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Community of Practice
Community of Practice



Community of Practice

  • CoP is a group of people who share an interest, a craft and/or a profession.
  • The group can evolve naturally because of the members' common interest in a particular domain or area, or
  • It can be created specifically with the goal of gaining knowledge related to their field.
  • It is through the process of sharing information and experiences with the group that the members learn from each other, and have an opportunity to develop themselves personally and professionally  (Lave &Wenger,1991)
  • CoP can exist online such as within discussion board and newsgroup.
  • It can also exist in real life such as in a lunch room at work, in a filed setting, on a factory floor or elsewhere in the environment.







“Top companies have learned that technology is the easy part of supporting knowledge creation and sharing. The really hard part is working with people to improve knowledge sharing and collaboration.” OD Practitioner Journal of the Organization Network



Communities of Practice (CoPs) are groups of people bound by a shared interest, purpose, or practice who often collaborate via established Web sites. These community Web spaces are designed to allow community members to share ideas and knowledge in several ways.


In the context of addressing organizational needs, CoPs are groups of people connected to each other by a need to solve business problems and sharpen skills by sharing common practices and experiences.


CoPs form and share knowledge by pulling information from individual members, as opposed to a centralized push or information from higher authorities.


In CoPs, the processes of learning and membership are inseparable. People organize around common needs and interests that give members a sense of joint enterprise.



Example 1: To capitalize on the expertise of employees in developing new products in more productive ways, a leading semiconductor company established groups of engineers who share knowledge, tools, design methodologies, successes, and mistakes to develop their design engineering competence.

Example 2: A research company brought researchers together to explore, share, and identify new solutions to satisfy customer needs.



Example 3: The Air Force Materiel Command has developed its Knowledge Now site to apply the lessons learned from past experience to current and future projects in order to avoid the repetition of past failures and mishaps. This extensive site provides links to over 350 communities of practice—web-based collaborative workspaces where members of a group use shared information and administrative and communications tools such as document sharing/posting, calendar, etc., to conduct business, manage projects, keep abreast of important group issues, and solve group problems around such areas as:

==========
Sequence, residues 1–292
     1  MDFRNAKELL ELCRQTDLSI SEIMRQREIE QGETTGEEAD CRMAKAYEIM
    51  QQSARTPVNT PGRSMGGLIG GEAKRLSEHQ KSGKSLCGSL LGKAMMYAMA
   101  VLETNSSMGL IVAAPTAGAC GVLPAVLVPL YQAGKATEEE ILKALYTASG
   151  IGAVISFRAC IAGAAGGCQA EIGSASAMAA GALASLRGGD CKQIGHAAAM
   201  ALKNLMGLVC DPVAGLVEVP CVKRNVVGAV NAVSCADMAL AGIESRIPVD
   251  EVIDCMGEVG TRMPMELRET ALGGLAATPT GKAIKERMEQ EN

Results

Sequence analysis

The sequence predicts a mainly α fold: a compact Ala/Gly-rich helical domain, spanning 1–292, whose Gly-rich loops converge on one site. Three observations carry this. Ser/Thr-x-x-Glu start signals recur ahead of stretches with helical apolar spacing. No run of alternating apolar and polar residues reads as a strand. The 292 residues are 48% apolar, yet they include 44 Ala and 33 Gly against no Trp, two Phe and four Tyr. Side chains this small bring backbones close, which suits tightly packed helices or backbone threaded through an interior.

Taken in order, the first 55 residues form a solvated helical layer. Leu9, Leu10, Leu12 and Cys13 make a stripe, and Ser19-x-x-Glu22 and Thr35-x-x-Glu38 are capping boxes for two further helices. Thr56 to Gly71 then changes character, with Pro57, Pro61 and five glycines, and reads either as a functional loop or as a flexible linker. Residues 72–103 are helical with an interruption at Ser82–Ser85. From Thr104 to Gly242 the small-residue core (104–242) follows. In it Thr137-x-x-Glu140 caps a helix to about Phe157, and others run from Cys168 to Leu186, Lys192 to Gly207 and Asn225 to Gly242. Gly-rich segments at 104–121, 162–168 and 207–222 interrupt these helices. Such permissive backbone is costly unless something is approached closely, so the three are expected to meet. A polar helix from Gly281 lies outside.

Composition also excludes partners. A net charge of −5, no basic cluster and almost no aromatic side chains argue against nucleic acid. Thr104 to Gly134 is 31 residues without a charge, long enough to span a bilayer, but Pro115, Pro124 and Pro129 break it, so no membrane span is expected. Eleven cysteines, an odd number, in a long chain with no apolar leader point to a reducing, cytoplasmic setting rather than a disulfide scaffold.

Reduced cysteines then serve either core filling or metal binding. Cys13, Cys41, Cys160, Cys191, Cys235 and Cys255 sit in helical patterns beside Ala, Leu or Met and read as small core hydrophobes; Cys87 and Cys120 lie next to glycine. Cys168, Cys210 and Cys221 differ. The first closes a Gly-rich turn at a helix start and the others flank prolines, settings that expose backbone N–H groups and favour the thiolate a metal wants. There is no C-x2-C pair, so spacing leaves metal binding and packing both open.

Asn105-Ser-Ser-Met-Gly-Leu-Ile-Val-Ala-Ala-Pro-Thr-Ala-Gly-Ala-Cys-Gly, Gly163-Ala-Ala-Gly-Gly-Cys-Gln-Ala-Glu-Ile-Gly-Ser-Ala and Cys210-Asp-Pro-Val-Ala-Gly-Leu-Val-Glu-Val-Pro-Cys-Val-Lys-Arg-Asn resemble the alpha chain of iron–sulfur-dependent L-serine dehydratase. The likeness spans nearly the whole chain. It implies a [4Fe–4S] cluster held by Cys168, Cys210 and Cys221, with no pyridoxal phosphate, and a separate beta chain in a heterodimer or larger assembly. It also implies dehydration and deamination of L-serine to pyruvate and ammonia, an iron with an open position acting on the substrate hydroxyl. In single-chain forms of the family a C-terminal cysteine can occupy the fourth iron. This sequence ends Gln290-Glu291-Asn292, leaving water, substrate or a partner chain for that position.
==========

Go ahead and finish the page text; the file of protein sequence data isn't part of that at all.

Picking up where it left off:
• Acquisition

• Education and training

• Human Systems Integration

• Joint test and evaluation

• E-learning for knowledge management


Users can access virtual library course links; policy directives, forms, FARs and supplements; common practices and sample formats; expert wisdom, advice, and guides; management support tools; "knowledge nuggets"; and can search over 180,000 documents from AFMC, DoD, and government web sites.





CoPs, as a knowledge management strategy, provide benefits to organizations as well as the individuals who participate.

For the Organization


CoPs benefit organizations by:

Helping build a common language, methods, and models around specific topics

Increasing access to expertise across the organization

Aiding retention of knowledge when employees leave the organization

Acting as a means of developing and maintaining long-term organizational memory

Connecting practitioners with a common interest and need who may be co-located



For the Organization


Decreasing the learning curve of new employees

Responding more rapidly to customer needs and inquiries

Building core capabilities and knowledge competence

Cross-fertilizing ideas and increasing opportunities for innovation

Supporting faster problem solving, both locally and organization-wide.


For the Individual

CoPs benefit individuals by:

Helping individuals do their work

Fostering a stable sense of community with other peers and with the organization

Helping build individual knowledge and skill

Providing challenges and opportunities to contribute.




There are a wide range of strategies used by CoPs to share information and develop knowledge. Some of these include:

Newsletters and calendar events

Community announcements

Content publishing

Links to other community-related sites or content sources

Threaded discussions

Real-time collaborative sessions

Captured experiences of retired practitioners

Internal list serves to post comments

Email-based expert access/question-and-answer system to post and distribute inquiries

CD production of relevant intellectual capital.


The Web as the primary vehicle for communication can be complemented by other forums (e.g., seminars, conferences).



The following is the CoPs section of the Gov Online Learning Center. It is designed to allow Community Members to share ideas and knowledge in several ways.




The following is the main Web site for accessing Federal CoPs examples.




This site is sponsored by Federalconnections.org, which connects everyone who works with CoPs in government. The CoPs listed on this site are at various stages of maturity and represent various types of communities.




This site, sponsored by the Federal Consulting Group (a franchise of the U.S. Department of Treasury), provides information about CoPs and refers to the groups as Communities of Learning.





 Dibina pada 20 Mac 2013 dan di kemaskini pada 03/23/2013 oleh Pengendali@2013

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